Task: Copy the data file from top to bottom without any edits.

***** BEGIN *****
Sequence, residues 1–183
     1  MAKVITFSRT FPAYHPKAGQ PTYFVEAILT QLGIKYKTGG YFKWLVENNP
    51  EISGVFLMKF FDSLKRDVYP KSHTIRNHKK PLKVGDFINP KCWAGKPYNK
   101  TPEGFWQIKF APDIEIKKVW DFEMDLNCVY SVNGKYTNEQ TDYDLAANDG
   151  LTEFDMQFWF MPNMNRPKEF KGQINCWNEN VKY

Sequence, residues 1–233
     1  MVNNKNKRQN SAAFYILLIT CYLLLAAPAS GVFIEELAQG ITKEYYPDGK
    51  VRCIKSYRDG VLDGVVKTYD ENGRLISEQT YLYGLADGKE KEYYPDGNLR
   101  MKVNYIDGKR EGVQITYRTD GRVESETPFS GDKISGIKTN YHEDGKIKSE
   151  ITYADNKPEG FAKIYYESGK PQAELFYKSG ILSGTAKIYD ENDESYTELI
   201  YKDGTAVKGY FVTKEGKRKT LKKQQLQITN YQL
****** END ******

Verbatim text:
Sequence, residues 1–183
     1  MAKVITFSRT FPAYHPKAGQ PTYFVEAILT QLGIKYKTGG YFKWLVENNP
    51  EISGVFLMKF FDSLKRDVYP KSHTIRNHKK PLKVGDFINP KCWAGKPYNK
   101  TPEGFWQIKF APDIEIKKVW DFEMDLNCVY SVNGKYTNEQ TDYDLAANDG
   151  LTEFDMQFWF MPNMNRPKEF KGQINCWNEN VKY

Sequence, residues 1–233
     1  MVNNKNKRQN SAAFYILLIT CYLLLAAPAS GVFIEELAQG ITKEYYPDGK
    51  VRCIKSYRDG VLDGVVKTYD ENGRLISEQT YLYGLADGKE KEYYPDGNLR
   101  MKVNYIDGKR EGVQITYRTD GRVESETPFS GDKISGIKTN YHEDGKIKSE
   151  ITYADNKPEG FAKIYYESGK PQAELFYKSG ILSGTAKIYD ENDESYTELI
   201  YKDGTAVKGY FVTKEGKRKT LKKQQLQITN YQL